In Excel we can bin numbers. We can also bin letters. Rare but possible. However, be careful when binning a mix of letters and symbols! What could go wrong? A student who earns a B- could end up with an A- grade!
Review of MATCH and INDEX Functions
Back in January I created a video (included below) to explain various VLOOKUP binning dangers. This post uses Excel’s INDEX and MATCH functions which together do everything a VLOOKUP can do and more.
Excel’s MATCH function has three arguments
- lookup_value (What are we looking for?)
- lookup_array (Where are we looking)
- [match_type] (Exact match = 0 or false, closest match = 1 or true. Optional yet essential.)
Excel’s INDEX function has three arguments
- array (Where are our potential answers?)
- row_num (Which one do we want?)
- [column_num] (Which one do we want? This is optional. We don’t need it in this case as we have a vertical range only)
This works. Using TRUE allows Excel to bin our number into our Bin Range (bin values must be sorted smallest to largest). 329 is greater than 300 but doesn’t reach 400. Our answer is ‘Group 4’.
- Bin Range numbers must be sorted correctly!
- Each number should fit within one of the bin pairs.
This also works. Using TRUE allows Excel to bin our letter into our Bin Range only because the letters are in alphabetical order and are the same case (all upper case). I used CODE function to show each letter’s internal code number.
So, binning letters of the same case (all upper or all lower) that are sorted properly is really like binning numbers. Here, our lookup letter N (code 78) is greater than K (code 75) but doesn’t reach P (code 80). Our answer is letter K and the INDEX function returns the answer of ‘Group 3’.
- It’s much safer to list all possible letters and use FALSE (exact match). This way you never have to be concerned about the letter sort order
- Letters must be either all upper case or all lower case
- Bin Range letters must be sorted correctly! Each number should fit within one of the bin pairs.
NEVER BIN LETTERS and SYMBOLS!
Never bin a combination of letters and symbols with TRUE (or 1) as match type.
Even if your data is sorted it won’t consistently give you the correct answers. It will only consistently work if you use FALSE (exact match) not TRUE. Why?
We can’t mix letters and symbols (i.e. + -) when binning using a closest match (TRUE). It doesn’t work for all lookup values. In this case, a student with a B- would end up getting a grade of A- !
However, since we have listed all of our possible lookup values in the lookup range we can and should use FALSE (exact match). Our answer should be ‘Group 6’ and not ‘Group 3’.
BINARY SEARCH EXPLANATION BY BILL JELEN
Do you really want to know what happens with the binary closest match? Watch Bill Jelen’s video!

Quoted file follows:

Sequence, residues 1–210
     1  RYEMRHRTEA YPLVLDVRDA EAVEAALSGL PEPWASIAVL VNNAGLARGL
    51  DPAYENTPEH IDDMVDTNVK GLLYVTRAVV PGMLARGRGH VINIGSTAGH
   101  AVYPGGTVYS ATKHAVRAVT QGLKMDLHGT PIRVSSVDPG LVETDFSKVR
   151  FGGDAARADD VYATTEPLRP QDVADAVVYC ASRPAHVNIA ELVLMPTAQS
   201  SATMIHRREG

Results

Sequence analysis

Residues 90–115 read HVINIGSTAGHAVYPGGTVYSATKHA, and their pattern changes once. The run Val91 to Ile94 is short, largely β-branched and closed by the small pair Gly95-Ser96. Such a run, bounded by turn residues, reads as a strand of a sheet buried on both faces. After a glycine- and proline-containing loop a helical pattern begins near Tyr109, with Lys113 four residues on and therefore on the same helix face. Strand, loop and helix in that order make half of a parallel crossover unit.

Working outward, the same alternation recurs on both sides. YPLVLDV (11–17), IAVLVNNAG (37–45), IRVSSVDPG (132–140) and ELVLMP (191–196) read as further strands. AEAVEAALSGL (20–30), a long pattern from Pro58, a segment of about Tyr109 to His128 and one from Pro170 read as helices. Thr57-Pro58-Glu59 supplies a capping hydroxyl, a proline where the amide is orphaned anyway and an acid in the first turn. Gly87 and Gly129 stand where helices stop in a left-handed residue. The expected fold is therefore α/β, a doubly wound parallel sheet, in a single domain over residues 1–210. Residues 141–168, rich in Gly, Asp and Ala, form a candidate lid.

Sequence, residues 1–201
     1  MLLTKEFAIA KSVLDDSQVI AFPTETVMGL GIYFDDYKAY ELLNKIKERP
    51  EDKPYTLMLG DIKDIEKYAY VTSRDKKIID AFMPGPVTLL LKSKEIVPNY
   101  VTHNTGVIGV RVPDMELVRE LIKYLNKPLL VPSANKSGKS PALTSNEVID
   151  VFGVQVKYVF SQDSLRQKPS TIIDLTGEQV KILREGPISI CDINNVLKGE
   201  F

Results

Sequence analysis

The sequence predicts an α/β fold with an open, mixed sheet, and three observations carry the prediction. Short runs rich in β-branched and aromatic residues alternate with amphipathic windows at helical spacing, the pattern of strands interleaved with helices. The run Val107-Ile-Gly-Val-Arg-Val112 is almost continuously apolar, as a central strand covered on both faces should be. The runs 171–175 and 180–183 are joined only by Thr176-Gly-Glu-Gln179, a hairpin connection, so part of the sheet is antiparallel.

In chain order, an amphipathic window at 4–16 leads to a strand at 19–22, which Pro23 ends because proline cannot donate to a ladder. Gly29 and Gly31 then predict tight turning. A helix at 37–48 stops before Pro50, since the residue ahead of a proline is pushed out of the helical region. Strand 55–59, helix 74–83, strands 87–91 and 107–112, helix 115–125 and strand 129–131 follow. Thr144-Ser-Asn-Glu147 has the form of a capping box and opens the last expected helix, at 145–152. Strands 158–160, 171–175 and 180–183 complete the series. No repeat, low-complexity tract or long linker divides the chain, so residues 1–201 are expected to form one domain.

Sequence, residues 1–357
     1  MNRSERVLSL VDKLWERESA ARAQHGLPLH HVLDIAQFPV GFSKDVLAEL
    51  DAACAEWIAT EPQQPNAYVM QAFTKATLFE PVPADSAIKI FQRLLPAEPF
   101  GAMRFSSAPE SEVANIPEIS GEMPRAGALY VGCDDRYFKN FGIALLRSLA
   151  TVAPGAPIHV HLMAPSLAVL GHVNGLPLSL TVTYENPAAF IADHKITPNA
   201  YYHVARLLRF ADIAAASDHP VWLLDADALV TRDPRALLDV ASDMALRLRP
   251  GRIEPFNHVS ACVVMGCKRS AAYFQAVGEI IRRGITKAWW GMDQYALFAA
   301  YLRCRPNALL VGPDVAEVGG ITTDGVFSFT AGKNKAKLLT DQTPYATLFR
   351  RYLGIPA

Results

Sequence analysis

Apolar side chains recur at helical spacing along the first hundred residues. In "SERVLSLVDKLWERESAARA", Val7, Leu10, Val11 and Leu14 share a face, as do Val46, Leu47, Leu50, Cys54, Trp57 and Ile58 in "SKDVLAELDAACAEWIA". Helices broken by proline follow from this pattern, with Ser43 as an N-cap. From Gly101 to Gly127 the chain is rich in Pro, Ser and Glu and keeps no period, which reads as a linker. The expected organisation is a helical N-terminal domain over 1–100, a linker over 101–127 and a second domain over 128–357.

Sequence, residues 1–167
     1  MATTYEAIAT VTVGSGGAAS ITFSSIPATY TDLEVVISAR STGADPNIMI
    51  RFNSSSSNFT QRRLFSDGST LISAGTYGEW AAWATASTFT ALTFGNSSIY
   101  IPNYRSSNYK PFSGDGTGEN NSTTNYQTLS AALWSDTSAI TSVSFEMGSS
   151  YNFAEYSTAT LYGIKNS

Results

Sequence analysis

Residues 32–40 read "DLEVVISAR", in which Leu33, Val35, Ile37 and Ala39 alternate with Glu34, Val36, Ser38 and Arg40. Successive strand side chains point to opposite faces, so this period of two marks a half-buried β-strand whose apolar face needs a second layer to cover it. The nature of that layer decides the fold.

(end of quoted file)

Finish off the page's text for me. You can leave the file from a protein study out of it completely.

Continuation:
Why Would Anyone Bin Letters and Symbols?
I think the error happens something like this.
Someone, possibly a teacher, creates a binning table for grades with A, B, C, D, E, F.
With just letters, we can get the correct answer using closet match =MATCH(A32,$F$26:$F$40,TRUE) (as long as the letters are in the correct order) although it’s much safer to use exact match like this =MATCH(A32,$F$26:$F$40,FALSE)
As either formula works, some will use the closet match =MATCH(A32,$F$26:$F$40,TRUE) and then add additional grades: A+, A-, B+, B-, etc.
This is when the problem starts. Some of the lookup values will still work and minimal testing may not discover the problem. So, a student could get a B- yet be awarded an A- value!
Download my Excel files
Watch My Video
I explain the details of binning using VLOOKUP function instead of INDEX MATCH. It’s the same issue.
Tom’s Tutorials For Excel: VLOOKUP Without a Lookup Table
Here is an interesting vlookup by Tom Urtis. Tom has built the look array inside of the formula using an array constant. You can read Tom’s explanation here. The important thing to remember is that Tom is binning the numbers and the answers are the letter grades so this is perfectly fine.
Learn More About Lookup Formulas and Binning
- True Vlookup Tragedy post by Kevin Lehrbass
- How to Use VLOOKUP to Find the Closest Match (TRUE) post by Jon Acampora
- VLOOKUP Example Explained at Starbucks post by Jon Acampora
- Pricing Tier Lookup Using Sumifs instead of lookups post by Chandoo
- 12 Different Binning Solutions & Ideas post by Kevin Lehrbass
- Vlookup versus Index Match video by Kevin Lehrbass
My name is Kevin Lehrbass. I live in Markham, Ontario, Canada. I’ve been studying, supporting, building, troubleshooting, teaching and dreaming in Excel since 2001. I’m a Data Analyst at McKinsey & Company.
Away from Excel I enjoy playing with my dogs Cali & Fenton, learning Spanish and playing Chess.